One Bag Nation

A Tangle of Tasks & To Do’s

Posted on: July 26, 2008

I was having a tough afternoon, just one of those days where my anxiety was getting the better of me. I’m noticing that this happens more often on the weekends, and I think it’s because we don’t have a routine. I’m a planner and it’s hard for me to relax, so weekends can be challenging.

Anway – and this sounds silly now – I was getting all in a tizzy about my To Do list. Not what was on it, but how to organize it. I don’t want to tell you how many systems I’ve tried for getting my task lists organized . . . let’s just say my system is still “evolving”!

I feel more urgency about getting this together now that I have a new job. I bought a new calendar/day planner thinking it would help – when will I learn? – but now I’m having second thoughts about it. My Three Most (hah, I typed Moist!) Important Things system is going pretty well, but I have to keep a master list somewhere, and this is what’s tripping me up. I’m trying to manage household, personal, work, serenity project and blogging tasks all in one place, and maybe that’s not going to work.

So how do you keep track of your tasks?

Do you make long lists? Do you organize them by category, role, or context, a la Mr. Allen? Do you look at them? Do you do what’s on them?

I would love to know what works for you!

PS How did I snap out of my funk? By getting on the treadmill – works like a charm!


21 Responses to "A Tangle of Tasks & To Do’s"

Hi Ann,

I used to make long lists, but that didn’t work. Now I make short ones of what I want to get done in a day. Some days I don’t get anything crossed off my list, but that’s o.k. as it waits. Hehe.

I’ve found there’s more to life than having a spotless house, an organized desk, or no dishes in the sink. Life is about spending quality time with your family and friends, creating memories.

To do lists are great, but I don’t let them rule my life.

I’ve found that is an amazing place to keep my master list.

However, I do a lot better writing things out–I find I remember them better, and it keeps me from jumping on the computer all day long (it is SO easy to get lost in good sites, such as this one).

In the morning I take a look at my rtm list, see if there’s anything due that day or the next, get a new 3×5 index card (yes, I’m a huge hPDA user) and write down my most important tasks.

My system seems so cluttered written out, but it’s really the only thing I’ve found that works for me. I NEED the long list so I don’t forget anything, but I can’t have it in sight, because it overwhelms me. And starting out the day determining its course provides much needed structure.

I SO sympathize! I think we two got jobs at the same time. The juggling takes on a whole new meaning doesn’t it?

I haven’t tried this idea but my sister swears by it: She writes down her to do’s in a tick-tac-toe board and hangs it on the fridge. When she finishes a task, she covers it with a magnet. Black out days get BIG rewards but she still wins if she can manage three in a row. Clever huh?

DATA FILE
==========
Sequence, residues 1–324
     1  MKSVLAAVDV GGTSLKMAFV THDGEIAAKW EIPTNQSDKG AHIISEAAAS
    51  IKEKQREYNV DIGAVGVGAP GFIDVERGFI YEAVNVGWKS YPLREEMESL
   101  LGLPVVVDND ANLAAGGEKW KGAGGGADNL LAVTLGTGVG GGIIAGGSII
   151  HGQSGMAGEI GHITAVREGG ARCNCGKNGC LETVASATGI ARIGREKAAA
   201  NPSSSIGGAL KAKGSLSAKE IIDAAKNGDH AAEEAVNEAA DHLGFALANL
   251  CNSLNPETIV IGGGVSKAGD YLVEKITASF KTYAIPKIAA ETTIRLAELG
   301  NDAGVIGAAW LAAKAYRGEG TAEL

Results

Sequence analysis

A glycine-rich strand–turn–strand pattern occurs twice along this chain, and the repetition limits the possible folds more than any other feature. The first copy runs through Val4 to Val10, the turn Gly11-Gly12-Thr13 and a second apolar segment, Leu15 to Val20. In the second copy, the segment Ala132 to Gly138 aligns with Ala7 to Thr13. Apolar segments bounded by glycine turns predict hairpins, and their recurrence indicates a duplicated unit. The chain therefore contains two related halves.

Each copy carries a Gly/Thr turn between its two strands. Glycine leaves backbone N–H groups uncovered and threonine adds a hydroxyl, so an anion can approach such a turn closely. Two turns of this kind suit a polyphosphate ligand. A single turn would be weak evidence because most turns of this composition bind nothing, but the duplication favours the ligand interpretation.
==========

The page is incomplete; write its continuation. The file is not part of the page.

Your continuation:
My system is also “evolving” but I do keep a huge master list of all the projects and their next actions. I’m still struggling with how to organize it but what seems to be working best is by major areas of focus which are related to physical places or things. As a farmer my top level groupings are things like Sheep, Hay Barn, Back Pasture, West Pasture and my personal ones are things like Quilting and Reading. Right now it’s one huge test file in Word, I’m trying to turn it into an outline so I can show or hide parts as needed but so far it’s not going too well. I want some sections numbered and others not which is causing problems. I like having everything listed in one place even though it can be hard to find any specific thing in a hurry.

Eep. Yeah, I used to have gigantic lists of doom — multiple ones, in attempts to organize them. For me, though, the solution was the use sticky notes.

I just write down each task on a sticky note, or each list of tasks within the ‘project’, and stick’em on a wall. Super-sticky post-its mean that I can re-arrange them however I like, depending on what kind of day it is, what kind of stuff I need to get done, and I can even stick them onto a clipboard or my computer to take with me when I leave the house.

Within that, personally, I use an importance/urgency grid. Two axis, one labeled important/not important, and the other urgent/not urgent. Since sticky notes are moveable, I can just put tasks wherever they fit at the beginning of each day. Also, colour-coding sticky notes based on type (for me, housekeeping, school-related, people to contact, etc.) can add some more detail during panic times when I need them.

I’m a total list-maker. Lists for everything! Color coding or making separate areas for different types of tasks helps to keep me organized. For work, I cordon off my to-do list with areas for specific things I need to do on a regular basis: request a login, write a report, alert someone about a problem, etc. I do something similar for groceries: I made a table with the different areas of the grocery store (in the order of the rows of the physical store) – fruit/veg, dairy, cheese/bulk, pasta/sauce, canned food, meat, etc etc. When I go shopping, I never have to go back for something I forgot to pick up!

I generally use GTD. I’ve tried several things. The two top things I like are:

2-Subject notebook + hPDA
The hPDA holds tasks as I think of them (an “Inbox”)
One section of the 2-subject notebook is projects
Everything from the hPDA (& other inboxes) get copied to the project list
2nd section of the 2-subject notebook are task lists (one page per context)
The next action (and only the next action) gets copied to the task list